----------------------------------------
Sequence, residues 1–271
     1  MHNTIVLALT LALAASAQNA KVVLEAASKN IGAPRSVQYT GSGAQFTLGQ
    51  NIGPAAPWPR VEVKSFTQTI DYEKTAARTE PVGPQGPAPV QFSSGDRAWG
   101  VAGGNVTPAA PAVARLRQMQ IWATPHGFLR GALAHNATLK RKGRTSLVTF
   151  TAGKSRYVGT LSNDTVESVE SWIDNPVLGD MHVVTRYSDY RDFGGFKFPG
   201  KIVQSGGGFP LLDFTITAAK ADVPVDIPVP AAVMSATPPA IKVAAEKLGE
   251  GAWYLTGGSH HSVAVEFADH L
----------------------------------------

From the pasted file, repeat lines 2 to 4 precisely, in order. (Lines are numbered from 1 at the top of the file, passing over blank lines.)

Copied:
     1  MHNTIVLALT LALAASAQNA KVVLEAASKN IGAPRSVQYT GSGAQFTLGQ
    51  NIGPAAPWPR VEVKSFTQTI DYEKTAARTE PVGPQGPAPV QFSSGDRAWG
   101  VAGGNVTPAA PAVARLRQMQ IWATPHGFLR GALAHNATLK RKGRTSLVTF